Federal Court of Australia
Key Logic Pty Ltd v Sun-Wizard Holding Pty Ltd (No 2)  FCA 81
QUD 607 of 2017
Date of judgment:
INTELLECTUAL PROPERTY – consideration of the disposition of the costs reserved for determination by the orders made in Key Logic Pty Ltd v Sun-Wizard Holding Pty Ltd  FCA 208
Designs Act 2003 (Cth), ss 68(6), 88
Federal Court of Australia Act 1976 (Cth), s 43
Key Logic Pty Ltd v Sun-Wizard Holding Pty Ltd  FCA 208
UCP Gen Pharma AG v Mesoblast, Inc (No 2)  FCA 500
UCP Gen Pharma AG v Mesoblast, Inc  FCA 210
National Practice Area:
Copyright and Industrial Designs
Number of paragraphs:
Date of last submission/s:
26 March 2021
Heard on the papers
Solicitor for the Appellant:
Bennett & Philp Lawyers
Solicitor for the Respondent:
DATE OF ORDER:
THE COURT ORDERS THAT:
1. The respondent pay the appellant’s costs of the proceeding before the delegate of the Registrar of Designs fixed in an amount of $4,949.54.
2. The respondent pay the appellant’s costs of and incidental to the proceeding to be awarded as a lump sum, in a sum to be determined by officers of the Court (either a National Judicial Registrar and District Registrar or a Deputy District Registrar), rather than undertaking a taxation of costs, as the appointed Court officer determines.
3. The parties submit, within seven days, a proposed timetable by which the appellant is to file and serve an affidavit in the form of a costs summary (as contemplated by paragraphs 4.10, 4.11 and 4.12 of the Costs Practice Note); by which the respondent is to file and serve an affidavit in the form of a costs response for the purposes of 4.13 and 4.14 of the Costs Practice Note; and by which the parties are to file and serve submissions in accordance with paragraph 4.15 of the Costs Practice Note.
4. Pursuant to s 23 and s 37P of the Federal Court of Australia Act 1976 (Cth), rule 1.32 and rule 1.36 of the Federal Court Rules 2011, these orders and the reasons for judgment in support of these orders are made and published from Chambers.
1 These proceedings are concerned with the disposition of the costs reserved by Order 3 of the orders made in the principal proceeding: Key Logic Pty Ltd v Sun-Wizard Holding Pty Ltd  FCA 208.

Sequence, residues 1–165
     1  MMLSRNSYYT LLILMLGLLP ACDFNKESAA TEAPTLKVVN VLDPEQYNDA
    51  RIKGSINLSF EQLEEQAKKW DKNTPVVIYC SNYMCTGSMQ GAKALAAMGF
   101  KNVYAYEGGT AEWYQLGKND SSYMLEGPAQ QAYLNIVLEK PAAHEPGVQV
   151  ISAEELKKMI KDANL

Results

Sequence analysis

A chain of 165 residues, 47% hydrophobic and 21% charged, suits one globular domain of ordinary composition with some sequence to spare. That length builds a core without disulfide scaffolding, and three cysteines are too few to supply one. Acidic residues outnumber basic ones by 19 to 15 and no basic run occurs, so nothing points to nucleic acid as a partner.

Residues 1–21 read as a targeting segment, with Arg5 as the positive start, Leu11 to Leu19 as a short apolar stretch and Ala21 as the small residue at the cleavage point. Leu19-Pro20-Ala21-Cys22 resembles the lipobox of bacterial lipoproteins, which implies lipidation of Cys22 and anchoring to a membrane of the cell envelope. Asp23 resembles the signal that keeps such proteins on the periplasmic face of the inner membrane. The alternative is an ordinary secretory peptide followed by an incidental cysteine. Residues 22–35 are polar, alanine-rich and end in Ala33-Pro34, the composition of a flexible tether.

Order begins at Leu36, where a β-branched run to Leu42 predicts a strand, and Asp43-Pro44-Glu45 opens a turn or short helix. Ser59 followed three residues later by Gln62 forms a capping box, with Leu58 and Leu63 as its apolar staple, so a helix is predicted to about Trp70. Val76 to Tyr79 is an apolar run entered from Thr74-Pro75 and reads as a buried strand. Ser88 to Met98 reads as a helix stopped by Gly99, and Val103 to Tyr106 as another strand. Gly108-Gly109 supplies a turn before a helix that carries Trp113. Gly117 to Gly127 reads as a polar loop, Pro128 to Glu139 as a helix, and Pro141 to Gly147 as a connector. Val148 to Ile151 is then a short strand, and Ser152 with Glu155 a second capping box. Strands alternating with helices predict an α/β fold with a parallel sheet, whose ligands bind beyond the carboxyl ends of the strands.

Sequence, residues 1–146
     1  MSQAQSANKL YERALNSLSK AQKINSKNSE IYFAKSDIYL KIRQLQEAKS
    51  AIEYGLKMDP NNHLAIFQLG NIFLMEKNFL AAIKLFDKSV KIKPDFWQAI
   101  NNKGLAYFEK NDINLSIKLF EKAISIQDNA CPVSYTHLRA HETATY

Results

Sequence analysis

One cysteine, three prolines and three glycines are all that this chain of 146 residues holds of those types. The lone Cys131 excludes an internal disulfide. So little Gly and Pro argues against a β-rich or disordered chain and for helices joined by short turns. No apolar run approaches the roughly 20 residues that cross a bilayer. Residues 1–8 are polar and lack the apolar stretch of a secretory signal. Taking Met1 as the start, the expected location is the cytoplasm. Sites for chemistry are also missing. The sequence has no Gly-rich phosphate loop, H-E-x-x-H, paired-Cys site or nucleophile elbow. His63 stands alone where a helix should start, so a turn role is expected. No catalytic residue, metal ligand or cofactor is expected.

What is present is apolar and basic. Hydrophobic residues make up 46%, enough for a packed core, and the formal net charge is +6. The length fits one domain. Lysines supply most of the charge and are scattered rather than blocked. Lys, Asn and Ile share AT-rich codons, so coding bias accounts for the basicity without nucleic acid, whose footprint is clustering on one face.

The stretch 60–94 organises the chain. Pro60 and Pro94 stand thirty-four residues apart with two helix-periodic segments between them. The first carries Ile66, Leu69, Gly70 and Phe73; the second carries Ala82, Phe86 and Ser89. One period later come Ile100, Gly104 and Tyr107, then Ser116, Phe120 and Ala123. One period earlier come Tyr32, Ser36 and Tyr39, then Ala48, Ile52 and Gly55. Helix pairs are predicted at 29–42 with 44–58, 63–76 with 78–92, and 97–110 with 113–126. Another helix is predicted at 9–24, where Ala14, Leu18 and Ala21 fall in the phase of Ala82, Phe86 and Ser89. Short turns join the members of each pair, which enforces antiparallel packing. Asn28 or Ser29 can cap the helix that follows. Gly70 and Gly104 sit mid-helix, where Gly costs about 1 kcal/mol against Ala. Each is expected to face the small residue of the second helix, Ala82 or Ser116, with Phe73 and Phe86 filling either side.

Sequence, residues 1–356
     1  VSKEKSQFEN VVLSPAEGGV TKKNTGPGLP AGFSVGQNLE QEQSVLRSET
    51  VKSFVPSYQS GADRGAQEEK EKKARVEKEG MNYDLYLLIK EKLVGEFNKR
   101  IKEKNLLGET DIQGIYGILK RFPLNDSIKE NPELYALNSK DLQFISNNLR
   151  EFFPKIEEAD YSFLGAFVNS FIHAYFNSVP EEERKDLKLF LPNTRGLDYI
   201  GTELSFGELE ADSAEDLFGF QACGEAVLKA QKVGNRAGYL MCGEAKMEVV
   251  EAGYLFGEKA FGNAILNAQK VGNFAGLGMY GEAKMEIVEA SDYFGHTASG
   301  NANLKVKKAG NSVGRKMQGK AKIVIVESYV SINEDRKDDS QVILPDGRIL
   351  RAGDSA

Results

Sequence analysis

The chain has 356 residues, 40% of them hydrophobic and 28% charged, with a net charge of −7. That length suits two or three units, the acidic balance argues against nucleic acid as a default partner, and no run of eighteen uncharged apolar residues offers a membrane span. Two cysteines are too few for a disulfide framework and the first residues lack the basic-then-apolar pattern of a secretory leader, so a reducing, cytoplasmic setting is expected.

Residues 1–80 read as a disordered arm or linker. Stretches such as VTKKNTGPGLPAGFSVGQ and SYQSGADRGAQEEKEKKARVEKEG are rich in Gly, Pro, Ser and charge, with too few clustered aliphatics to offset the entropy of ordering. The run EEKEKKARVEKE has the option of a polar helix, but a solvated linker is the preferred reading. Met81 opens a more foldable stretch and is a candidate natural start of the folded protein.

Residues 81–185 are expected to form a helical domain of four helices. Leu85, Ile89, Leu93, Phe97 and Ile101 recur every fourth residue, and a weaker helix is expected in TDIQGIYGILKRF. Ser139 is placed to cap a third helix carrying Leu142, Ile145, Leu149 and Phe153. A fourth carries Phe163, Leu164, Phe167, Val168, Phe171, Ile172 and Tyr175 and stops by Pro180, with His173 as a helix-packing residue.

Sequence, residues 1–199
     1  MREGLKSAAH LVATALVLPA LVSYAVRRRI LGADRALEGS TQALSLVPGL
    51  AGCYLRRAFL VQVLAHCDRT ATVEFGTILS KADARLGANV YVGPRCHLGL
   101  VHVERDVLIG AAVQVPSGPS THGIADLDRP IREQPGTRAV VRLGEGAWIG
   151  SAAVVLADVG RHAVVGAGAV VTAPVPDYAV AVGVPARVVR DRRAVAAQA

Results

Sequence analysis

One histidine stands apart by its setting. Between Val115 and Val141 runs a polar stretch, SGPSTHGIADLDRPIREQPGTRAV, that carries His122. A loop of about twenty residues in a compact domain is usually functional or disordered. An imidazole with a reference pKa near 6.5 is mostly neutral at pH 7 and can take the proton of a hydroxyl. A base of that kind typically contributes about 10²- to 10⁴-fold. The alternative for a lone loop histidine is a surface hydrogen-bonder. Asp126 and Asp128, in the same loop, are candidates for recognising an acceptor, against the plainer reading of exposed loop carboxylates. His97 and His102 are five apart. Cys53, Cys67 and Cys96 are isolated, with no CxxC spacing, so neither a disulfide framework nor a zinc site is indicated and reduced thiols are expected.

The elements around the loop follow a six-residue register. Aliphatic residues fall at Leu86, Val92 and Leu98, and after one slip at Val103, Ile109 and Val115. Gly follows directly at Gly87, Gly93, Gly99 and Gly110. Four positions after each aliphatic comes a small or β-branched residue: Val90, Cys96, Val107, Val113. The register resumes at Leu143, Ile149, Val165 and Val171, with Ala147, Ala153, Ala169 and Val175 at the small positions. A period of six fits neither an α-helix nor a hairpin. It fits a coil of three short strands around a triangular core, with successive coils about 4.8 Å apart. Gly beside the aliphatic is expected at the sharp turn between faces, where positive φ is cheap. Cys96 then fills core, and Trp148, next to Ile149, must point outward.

2 The principal proceeding was concerned with an appeal by the applicant, Key Logic Pty Ltd (“Key Logic”) under s 68(6) of the Designs Act 2003 (Cth) (the “Act”) from a decision of the delegate of the Registrar of Designs made on 17 October 2017 revoking the registration of a design for application to a product called a “solar bollard”. In the result, the applicant appellant was successful and the Court ordered that the appeal from the decision of the Registrar’s delegate be allowed. The decision of the Registrar’s delegate was set aside.
3 The disposition of the costs reserved for determination on the papers involves two classes of costs.
4 The first is the costs of the principal proceeding in the Federal Court of Australia. As to those costs, the applicant seeks an order that the respondent, Sun-Wizard Holdings Pty Ltd (“Sun-Wizard”) pay the applicant’s costs of and incidental to the proceeding. The applicant also seeks procedural orders for the determination of those costs by way of a lump sum order rather than a taxation of the costs. The respondent makes no submissions as to the costs of the appeal proceeding (which, of course, was an exercise of original jurisdiction). Accordingly, orders will be made for the payment by the respondent of the applicant appellant’s costs of and incidental to the proceedings to be awarded on a lump sum basis in accordance with the proposed procedural orders of the applicant.
5 The second category of costs concerns the costs of the proceeding before the Registrar’s delegate leading to the decision the subject of the appeal to this Court. The applicant seeks an order that the respondent pay its costs of that proceeding fixed in an amount of $4,949.54.
6 The power to award costs in all proceedings before the Court is conferred by s 43 of the Federal Court of Australia Act 1976 (Cth) (the “Court Act”). There is no need in these reasons to set out the principles governing the exercise of that power. There is no controversy between the parties as to the disposition of the costs of the Federal Court proceedings. Section 43 of the Court Act, however, does not confer power on the Court to make an order as to the costs of a proceeding before the Registrar’s delegate.
7 As to the power conferred on the Federal Court on the hearing of an appeal against a decision of the Registrar’s delegate, s 88 of the Act is in these terms:
On hearing an appeal against a decision or direction of the Registrar, the Federal Court or Federal Circuit Court may do any one or more of the following:
(a) admit further evidence orally, or on affidavit or otherwise;
(b) permit the examination and cross-examination of witnesses (including witnesses who gave evidence before the Registrar);
(c) order an issue of fact to be tried as it directs;
(d) affirm, reverse or vary the Registrar’s decision or direction;